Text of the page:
Practical Farmers of Iowa Field Day at the Rosmann Family Farm in Harlan

Practical Farmers of Iowa Field Day at the Rosmann Family Farm in Harlan

I am looking forward to catching up with Resilient Agriculture farmers Ron and Maria Rosmann in just a few weeks.  Ron and Maria have invited me to open the field day by sharing some of the lessons I’ve learned from sustainable farmers and ranchers about how to cultivate climate resilience with sustainable and organic agriculture.  

I will share three simple lessons to help frame the field day events:

  1. Resilience is about more than bouncing back!  It is about design and management of systems to cultivate the capacity to avoid or reduce damage from disturbance.
  2. Resilience has regional roots!  What I mean by this is that “it takes a region to raise a resilient farm.”  We need each other – the producers and the eaters – to cultivate resilience.  No one farm can do it alone!

We already know enough to put us on the path to a resilient food future!  The Rosmann family, and many others like them all across the country, have been busy for the last 30 years bringing the future into being. This farm, and many others like it all across our country ARE THE FUTURE of food.  We don’t need any more research, any more studies, any new technologies – the future is already right here – you are standing in it.

Working Lands Offer Climate Solutions, No Matter Location

Working Lands Offer Climate Solutions, No Matter Location

“LOS ANGELES — Mayor Eric Garcetti announced Thursday the appointment of Los Angeles’ first forest officer, a position that will oversee urban forests in an effort to plant 90,000 trees by 2021.

“Every tree we plant can help stem the tide of the climate crisis, and when we expand our urban forest, we can sow the seeds of a healthier, more sustainable future for communities across our city,” Garcetti said.

The mayor appointed Rachel Malarich, a certified arborist, to the post.

According to the mayor’s office, Malarich has spent more than 12 years working to increase tree canopy in urban areas throughout Southern California, devising strategic management plans to expand urban forests and promoting community engagement.”

Read the rest of the article here!

Pasture-Raised Beef is a Climate Change Solution

Pasture-Raised Beef is a Climate Change Solution

“Will Harris is many things to many people. To chefs and foodies, he is a legendary farmer producing some of the world’s best pasture-raised meats infused with the terroir of South Georgia. To athletes, body-hackers, and health-conscious consumers, he is the owner of White Oak Pastures, which ships humanely-raised, non-GMO, grassfed proteins to their doorsteps. To the communities surrounding Bluffton, Georgia, he is one of the last good ole’ boys and the largest private employer in the county. To his colleagues in agriculture, he’s a renegade and an inspiration. But Will Harris’ legacy might turn out to be something else entirely. He may be remembered as the cattleman who figured out how to enlist cows in future generations’ struggle to reverse climate change.

Industrial-Sized Cow Farts

Almost everyone these days has been educated that carbon emissions from industrialized beef production are a startlingly large contributor to man-made climate change. The Food and Agriculture Organization of the United Nations (FAO) estimates that livestock is already responsible for at least 14.5% of greenhouse gases being released worldwide.[1] FAO also estimates that global beef consumption will exponentially grow until it reaches 105 million metric tons before 2050.[2] Statistics on how bad beef consumption is for the environment are so ubiquitous that it is almost unthinkable for many climate scientists to advocate for anything but a vegetarian diet. Luckily for meat-eaters, scientists at Quantis, one of the world’s most respected environmental research and design firms, were not convinced that was the full story.”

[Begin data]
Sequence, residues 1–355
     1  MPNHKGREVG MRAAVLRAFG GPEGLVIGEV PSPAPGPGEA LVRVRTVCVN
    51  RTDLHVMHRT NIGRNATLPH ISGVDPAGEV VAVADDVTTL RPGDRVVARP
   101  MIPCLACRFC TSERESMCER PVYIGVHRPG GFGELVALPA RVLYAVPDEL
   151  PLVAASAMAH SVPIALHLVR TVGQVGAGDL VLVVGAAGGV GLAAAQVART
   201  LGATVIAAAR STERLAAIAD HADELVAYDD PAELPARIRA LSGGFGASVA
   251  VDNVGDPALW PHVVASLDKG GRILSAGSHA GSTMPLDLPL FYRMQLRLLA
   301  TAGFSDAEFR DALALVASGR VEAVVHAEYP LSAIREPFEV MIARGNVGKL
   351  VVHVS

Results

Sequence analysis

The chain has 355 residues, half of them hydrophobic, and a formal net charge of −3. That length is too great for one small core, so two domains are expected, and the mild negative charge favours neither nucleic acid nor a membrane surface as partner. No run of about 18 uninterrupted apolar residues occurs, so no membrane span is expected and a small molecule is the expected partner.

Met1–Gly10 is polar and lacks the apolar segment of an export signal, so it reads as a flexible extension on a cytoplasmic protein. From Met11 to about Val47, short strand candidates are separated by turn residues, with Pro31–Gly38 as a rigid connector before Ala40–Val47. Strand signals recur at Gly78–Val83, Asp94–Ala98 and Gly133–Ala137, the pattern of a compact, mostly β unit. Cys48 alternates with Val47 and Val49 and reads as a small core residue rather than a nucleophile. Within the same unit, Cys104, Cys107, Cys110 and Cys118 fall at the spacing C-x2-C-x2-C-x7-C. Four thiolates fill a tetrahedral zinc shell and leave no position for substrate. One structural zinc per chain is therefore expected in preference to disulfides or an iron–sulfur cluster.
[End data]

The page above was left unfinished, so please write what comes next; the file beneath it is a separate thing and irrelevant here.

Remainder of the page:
Read the rest of the article here!

Bouncing Forward or Bouncing Back?  A Look at Resilient Options for Response to Midwest Flooding

Bouncing Forward or Bouncing Back? A Look at Resilient Options for Response to Midwest Flooding

Looking forward to spending time with Michelle Miller and company at the Center for Integrated Agricultural Systems next week to discuss how resilience thinking might help us envision bouncing forward from the Midwest flooding rather than simply bouncing back! 

Find out more information about the event here!

The Center for Integrated Agricultural Systems (CIAS) is is a research center at the University of Wisconsin-Madison’s College of Agricultural and Life Sciences. The goal of our work at CIAS is to learn how particular integrated farming systems can contribute to environmental, economic, social, and intergenerational sustainability.

 

Celebrating Earth Day With Resilient Agriculture Grower Jim Koan

Celebrating Earth Day With Resilient Agriculture Grower Jim Koan

Had a great visit with Resilient Agriculture grower Jim Koan of Almar Farm and Orchards in Flushing MI this past weekend. Jim says that weather challenges have grown more frequent and more extreme since 2013. His decision to move to producing cider and other processed apple products continues to serve him well. Jim has expanded his line of JK Scrumpy’s organic ciders and offers many other apple-based products, including a drinking vinegar (made with Jim’s apple cider vinegar) called switchel. Switchel is an old-fashioned “energy drink”, which has been served to generations of hard-working field hands to give them a boost of energy and to help them rehydrate in the hot summer sun. Yum! Thanks for a great visit Jim!

Check out their farm and some amazing products here

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